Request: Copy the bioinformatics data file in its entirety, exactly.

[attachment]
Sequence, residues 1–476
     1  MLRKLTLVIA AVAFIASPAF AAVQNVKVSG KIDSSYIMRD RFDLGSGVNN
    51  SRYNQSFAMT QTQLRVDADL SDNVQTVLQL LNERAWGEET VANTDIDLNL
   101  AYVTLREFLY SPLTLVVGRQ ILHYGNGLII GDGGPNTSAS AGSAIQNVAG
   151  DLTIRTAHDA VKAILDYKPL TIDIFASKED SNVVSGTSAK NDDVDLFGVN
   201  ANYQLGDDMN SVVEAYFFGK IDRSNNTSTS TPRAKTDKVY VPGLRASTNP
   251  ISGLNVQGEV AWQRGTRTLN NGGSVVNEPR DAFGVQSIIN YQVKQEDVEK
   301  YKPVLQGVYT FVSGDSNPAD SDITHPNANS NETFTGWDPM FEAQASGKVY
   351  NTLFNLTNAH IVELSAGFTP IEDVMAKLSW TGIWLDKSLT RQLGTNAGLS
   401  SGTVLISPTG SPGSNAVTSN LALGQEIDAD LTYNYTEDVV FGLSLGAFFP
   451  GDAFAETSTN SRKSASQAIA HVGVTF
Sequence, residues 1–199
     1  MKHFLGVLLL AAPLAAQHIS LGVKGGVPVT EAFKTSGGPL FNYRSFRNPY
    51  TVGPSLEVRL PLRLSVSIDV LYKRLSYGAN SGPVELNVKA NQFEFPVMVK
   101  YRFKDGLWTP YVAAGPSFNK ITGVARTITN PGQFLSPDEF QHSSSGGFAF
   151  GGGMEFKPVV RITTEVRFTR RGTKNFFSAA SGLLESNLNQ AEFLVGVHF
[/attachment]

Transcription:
Sequence, residues 1–476
     1  MLRKLTLVIA AVAFIASPAF AAVQNVKVSG KIDSSYIMRD RFDLGSGVNN
    51  SRYNQSFAMT QTQLRVDADL SDNVQTVLQL LNERAWGEET VANTDIDLNL
   101  AYVTLREFLY SPLTLVVGRQ ILHYGNGLII GDGGPNTSAS AGSAIQNVAG
   151  DLTIRTAHDA VKAILDYKPL TIDIFASKED SNVVSGTSAK NDDVDLFGVN
   201  ANYQLGDDMN SVVEAYFFGK IDRSNNTSTS TPRAKTDKVY VPGLRASTNP
   251  ISGLNVQGEV AWQRGTRTLN NGGSVVNEPR DAFGVQSIIN YQVKQEDVEK
   301  YKPVLQGVYT FVSGDSNPAD SDITHPNANS NETFTGWDPM FEAQASGKVY
   351  NTLFNLTNAH IVELSAGFTP IEDVMAKLSW TGIWLDKSLT RQLGTNAGLS
   401  SGTVLISPTG SPGSNAVTSN LALGQEIDAD LTYNYTEDVV FGLSLGAFFP
   451  GDAFAETSTN SRKSASQAIA HVGVTF
Sequence, residues 1–199
     1  MKHFLGVLLL AAPLAAQHIS LGVKGGVPVT EAFKTSGGPL FNYRSFRNPY
    51  TVGPSLEVRL PLRLSVSIDV LYKRLSYGAN SGPVELNVKA NQFEFPVMVK
   101  YRFKDGLWTP YVAAGPSFNK ITGVARTITN PGQFLSPDEF QHSSSGGFAF
   151  GGGMEFKPVV RITTEVRFTR RGTKNFFSAA SGLLESNLNQ AEFLVGVHF